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Who Made These Borders? Part 2

Nader Saiedi | May 21, 2013

The views expressed in our content reflect individual perspectives and do not represent the official views of the Baha'i Faith.

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Nader Saiedi | May 21, 2013

The views expressed in our content reflect individual perspectives and do not represent the official views of the Baha'i Faith.

Border between North and South Korea

(excerpted from Abdu’l-Baha’s Journey West: The Course of Human Solidarity, Palgrave, 2013, used with permission)

Click here to read: Who Made These Borders? Part 1

In his work The Secret of Divine Civilization Abdu’l-Baha called for a reconstruction of both tradition and modernity in the context of a global and peaceful understanding of the world. In fact, Abdu’l-Baha came to the West to advocate a new form of identity and social organization that is based on the recognition of a universalistic and global orientation.

Abdu’l-Baha’s talks in Europe and North America take his critique of nationalist ideology to unprecedented levels of complexity. Three principles are frequently emphasized by Abdu’l-Baha with regard to nationalist and patriotic ideologies:

First, he emphasizes the arbitrary and invented character of all national boundaries and ideologies. Nationalism is therefore not a primordial entity but rather a socially constructed arbitrary prejudice.

Secondly, he argues that nationalism is usually a product of violence, murder, coercion, and injustice. It is war, plunder, the force of the sword, and brutality that have acted as the main agents of demarcation of national and political categories throughout human history.

Thirdly, nationalist ideology is based upon a confused and immoral distinction between the hero and the murderer. In reality, Abdu’l-Baha says national heroes are usually the greatest murderers and criminals. We can see that Abdu’l-Baha is engaged in a systematic critique of nationalist amnesia. His talks were intended to fight against this collective unconscious identity and to bring the light of reason, consciousness and human solidarity to the realm of culture and society.

Abdu’l-Baha makes it clear that not only are nationalistic distinctions arbitrary and invented, they are inventions of particularistic interests, the force of coercion, murder and brutality. In other words, nationalist identities are forms of unconsciousness that are rooted in the law of the jungle — and not laws governing morality and human rights:

Battle of Friedland, where Napoleon invaded Russian (over 40,000 dead)

Why, then, all these fallacious national and racial distinctions? These boundary lines and artificial barriers have been created by despots and conquerors who sought to attain dominion over mankind, thereby engendering patriotic feeling and rousing selfish devotion to merely local standards of government. As a rule they themselves enjoyed luxuries in palaces, surrounded by conditions of ease and affluence, while armies of soldiers, civilians and tillers of the soil fought and died at their command upon the field of battle, shedding their innocent blood for a delusion such as “we are Germans,” “our enemies are French,” etc., when, in reality, all are humankind, all belong to one family… – Promulgation of Universal Peace, p. 354.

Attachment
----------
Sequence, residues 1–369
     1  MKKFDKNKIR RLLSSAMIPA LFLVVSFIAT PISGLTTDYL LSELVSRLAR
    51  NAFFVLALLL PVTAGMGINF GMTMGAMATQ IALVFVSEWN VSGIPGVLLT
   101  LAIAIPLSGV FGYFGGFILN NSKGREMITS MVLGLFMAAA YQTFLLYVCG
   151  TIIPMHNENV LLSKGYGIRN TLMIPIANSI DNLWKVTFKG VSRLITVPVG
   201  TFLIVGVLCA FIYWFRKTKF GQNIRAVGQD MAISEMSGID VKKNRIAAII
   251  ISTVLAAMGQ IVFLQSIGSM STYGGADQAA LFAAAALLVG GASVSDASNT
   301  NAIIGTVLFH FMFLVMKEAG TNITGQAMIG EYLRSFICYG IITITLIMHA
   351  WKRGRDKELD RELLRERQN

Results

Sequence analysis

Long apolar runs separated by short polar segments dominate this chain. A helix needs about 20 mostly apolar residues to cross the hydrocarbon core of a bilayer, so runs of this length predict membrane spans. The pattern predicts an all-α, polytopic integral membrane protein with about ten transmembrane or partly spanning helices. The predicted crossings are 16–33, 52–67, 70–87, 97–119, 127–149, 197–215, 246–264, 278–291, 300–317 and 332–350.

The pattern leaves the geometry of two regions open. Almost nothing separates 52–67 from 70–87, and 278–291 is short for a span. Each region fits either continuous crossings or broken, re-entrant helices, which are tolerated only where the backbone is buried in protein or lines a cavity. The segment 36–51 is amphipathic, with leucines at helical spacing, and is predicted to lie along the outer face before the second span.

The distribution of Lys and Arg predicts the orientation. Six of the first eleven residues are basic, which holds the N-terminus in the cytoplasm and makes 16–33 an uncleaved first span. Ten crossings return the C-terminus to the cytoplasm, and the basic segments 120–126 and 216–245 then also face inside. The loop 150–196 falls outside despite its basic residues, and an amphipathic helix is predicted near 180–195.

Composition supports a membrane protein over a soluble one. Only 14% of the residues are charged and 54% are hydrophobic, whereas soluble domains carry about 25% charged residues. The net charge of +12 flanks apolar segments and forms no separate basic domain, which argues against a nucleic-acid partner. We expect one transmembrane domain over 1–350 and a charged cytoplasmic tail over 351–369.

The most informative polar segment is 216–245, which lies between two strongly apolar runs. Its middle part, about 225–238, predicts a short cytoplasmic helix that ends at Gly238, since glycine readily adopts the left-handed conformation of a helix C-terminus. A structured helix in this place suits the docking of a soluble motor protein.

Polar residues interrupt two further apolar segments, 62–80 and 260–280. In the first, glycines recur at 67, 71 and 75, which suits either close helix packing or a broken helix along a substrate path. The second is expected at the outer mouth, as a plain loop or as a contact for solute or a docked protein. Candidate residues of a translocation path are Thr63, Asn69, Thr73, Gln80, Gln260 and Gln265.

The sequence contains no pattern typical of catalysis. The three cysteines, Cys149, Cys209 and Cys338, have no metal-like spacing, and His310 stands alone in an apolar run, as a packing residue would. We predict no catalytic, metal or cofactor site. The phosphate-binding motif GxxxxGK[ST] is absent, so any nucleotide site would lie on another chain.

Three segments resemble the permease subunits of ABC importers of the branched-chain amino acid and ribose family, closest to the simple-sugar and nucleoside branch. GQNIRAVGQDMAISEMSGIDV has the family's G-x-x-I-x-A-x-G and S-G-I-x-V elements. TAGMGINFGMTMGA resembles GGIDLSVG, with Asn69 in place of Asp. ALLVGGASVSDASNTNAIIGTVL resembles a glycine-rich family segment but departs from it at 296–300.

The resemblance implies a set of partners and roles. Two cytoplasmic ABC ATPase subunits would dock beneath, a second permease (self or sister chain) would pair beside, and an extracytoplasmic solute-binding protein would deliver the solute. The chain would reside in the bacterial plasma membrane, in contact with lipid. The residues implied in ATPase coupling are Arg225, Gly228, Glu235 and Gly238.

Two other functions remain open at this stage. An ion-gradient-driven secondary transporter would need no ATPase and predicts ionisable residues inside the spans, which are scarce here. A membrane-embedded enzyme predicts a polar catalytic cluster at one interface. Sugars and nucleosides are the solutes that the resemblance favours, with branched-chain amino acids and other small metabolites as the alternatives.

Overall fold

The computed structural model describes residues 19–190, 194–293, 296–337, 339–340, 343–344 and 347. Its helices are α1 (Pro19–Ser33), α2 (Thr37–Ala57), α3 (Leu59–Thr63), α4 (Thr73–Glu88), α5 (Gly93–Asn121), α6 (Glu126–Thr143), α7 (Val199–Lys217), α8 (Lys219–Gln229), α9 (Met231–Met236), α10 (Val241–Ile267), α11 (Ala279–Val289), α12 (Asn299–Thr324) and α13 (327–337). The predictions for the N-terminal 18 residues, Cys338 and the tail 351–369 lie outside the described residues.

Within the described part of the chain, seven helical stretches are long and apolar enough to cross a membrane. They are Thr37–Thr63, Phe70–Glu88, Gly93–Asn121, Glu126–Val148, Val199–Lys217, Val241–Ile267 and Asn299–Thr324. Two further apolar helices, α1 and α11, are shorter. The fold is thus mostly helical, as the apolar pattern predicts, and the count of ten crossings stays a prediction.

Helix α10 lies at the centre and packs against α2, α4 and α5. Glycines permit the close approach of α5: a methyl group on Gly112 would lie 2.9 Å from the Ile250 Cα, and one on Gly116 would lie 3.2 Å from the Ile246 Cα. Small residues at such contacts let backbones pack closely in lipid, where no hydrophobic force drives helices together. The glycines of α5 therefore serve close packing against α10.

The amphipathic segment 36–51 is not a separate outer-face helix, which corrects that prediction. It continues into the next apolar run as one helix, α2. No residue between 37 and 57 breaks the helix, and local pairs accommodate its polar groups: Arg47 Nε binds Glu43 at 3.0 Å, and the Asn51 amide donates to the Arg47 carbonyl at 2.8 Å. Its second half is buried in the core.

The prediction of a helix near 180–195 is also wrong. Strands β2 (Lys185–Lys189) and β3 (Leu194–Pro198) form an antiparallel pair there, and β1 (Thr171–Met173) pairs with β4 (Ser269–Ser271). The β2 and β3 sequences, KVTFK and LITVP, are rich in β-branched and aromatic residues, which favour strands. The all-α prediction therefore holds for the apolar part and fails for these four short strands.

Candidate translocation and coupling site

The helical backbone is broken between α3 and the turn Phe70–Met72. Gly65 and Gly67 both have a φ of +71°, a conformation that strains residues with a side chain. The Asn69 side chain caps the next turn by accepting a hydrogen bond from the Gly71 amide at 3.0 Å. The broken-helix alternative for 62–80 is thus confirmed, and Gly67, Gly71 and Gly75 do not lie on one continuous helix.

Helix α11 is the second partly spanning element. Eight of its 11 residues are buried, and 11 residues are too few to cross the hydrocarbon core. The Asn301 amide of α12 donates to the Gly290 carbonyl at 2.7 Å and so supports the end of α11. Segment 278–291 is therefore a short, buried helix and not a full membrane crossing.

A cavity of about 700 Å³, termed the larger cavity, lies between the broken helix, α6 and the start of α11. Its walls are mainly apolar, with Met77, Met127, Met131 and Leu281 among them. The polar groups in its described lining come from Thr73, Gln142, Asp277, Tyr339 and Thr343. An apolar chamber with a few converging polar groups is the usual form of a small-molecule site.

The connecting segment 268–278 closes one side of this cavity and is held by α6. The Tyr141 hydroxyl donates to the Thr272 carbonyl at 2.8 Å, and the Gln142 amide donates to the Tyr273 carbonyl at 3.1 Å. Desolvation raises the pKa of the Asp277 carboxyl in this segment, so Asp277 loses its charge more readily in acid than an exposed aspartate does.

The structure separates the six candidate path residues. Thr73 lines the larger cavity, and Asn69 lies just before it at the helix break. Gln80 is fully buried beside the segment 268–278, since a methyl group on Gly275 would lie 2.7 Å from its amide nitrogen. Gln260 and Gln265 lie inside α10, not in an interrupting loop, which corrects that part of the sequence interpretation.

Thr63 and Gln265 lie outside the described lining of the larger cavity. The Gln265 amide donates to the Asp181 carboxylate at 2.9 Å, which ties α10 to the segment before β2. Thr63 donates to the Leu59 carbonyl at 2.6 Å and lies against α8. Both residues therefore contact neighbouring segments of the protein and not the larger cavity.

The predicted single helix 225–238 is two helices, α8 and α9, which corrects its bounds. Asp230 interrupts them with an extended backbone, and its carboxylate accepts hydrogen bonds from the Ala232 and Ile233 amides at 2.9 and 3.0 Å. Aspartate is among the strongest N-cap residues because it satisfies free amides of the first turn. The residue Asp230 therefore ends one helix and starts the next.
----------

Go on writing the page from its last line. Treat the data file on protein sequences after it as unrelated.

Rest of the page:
If the people of the world become conscious of the fact that their borders are products of genocide, war, conquest and brute force, they will be more likely to look at other people and nations as human beings, feel solidarity with all humanity, regard the interests and needs of others as equally legitimate, and develop the habit of putting themselves in their shoes.

Nationalistic fetishism, however, prevents us from seeking the universal interests of the human race. Instead, it teaches us to consider our needs as a moral imperative, while the needs of others are entirely ignored through a process of objectification and the othering of outsiders.

Peace requires social justice, the overcoming of patriarchy, the rejection of traditionalism and the embracing of independent investigations of truth, the elimination of all prejudices, a spiritual definition of human reality, harmony between material civilization and moral/spiritual civilization, and commitment to the principles of the oneness of humanity, collective security, and global peace. In addition, we need a reconstruction of religion so that religion becomes a cause of love and unity among all human beings, which reconciles religion and reason, and defines religion as a dynamic and historically specific reality. These are essential conditions and definitions of peace.

When we study Abdu’l-Baha’s complex approach to his positive definition of peace, we can conclude that behind all these ideas and principles there lies a common vision of human beings as an intersubjective, communicative, and interdependent community of spirit. Love is the supreme principle of life, and it is love that is the ultimate animating principle of human reality. Attainment of collective self-consciousness by the human species means the attainment of peace and the end of the self-estrangement of humanity. This is the true meaning of enlightenment.

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  • Wade Fransson
    Jun 30, 2018
    Nader, how do you integrate this quote into the view you outline above?
    "On the other hand, every country must be properly delimited, its exact frontiers marked, its national integrity secured, its permanent independence protected, and its vital interests honoured by the family of nations." Quoted From Peace
    by Bahá'u'lláh, Abdu'l-Bahá, Shoghi Effendi, and Universal House of Justice
    compiled by Research Department of the Universal House of Justice.
    published in Compilation of Compilations, Volume 2, pages 151-200
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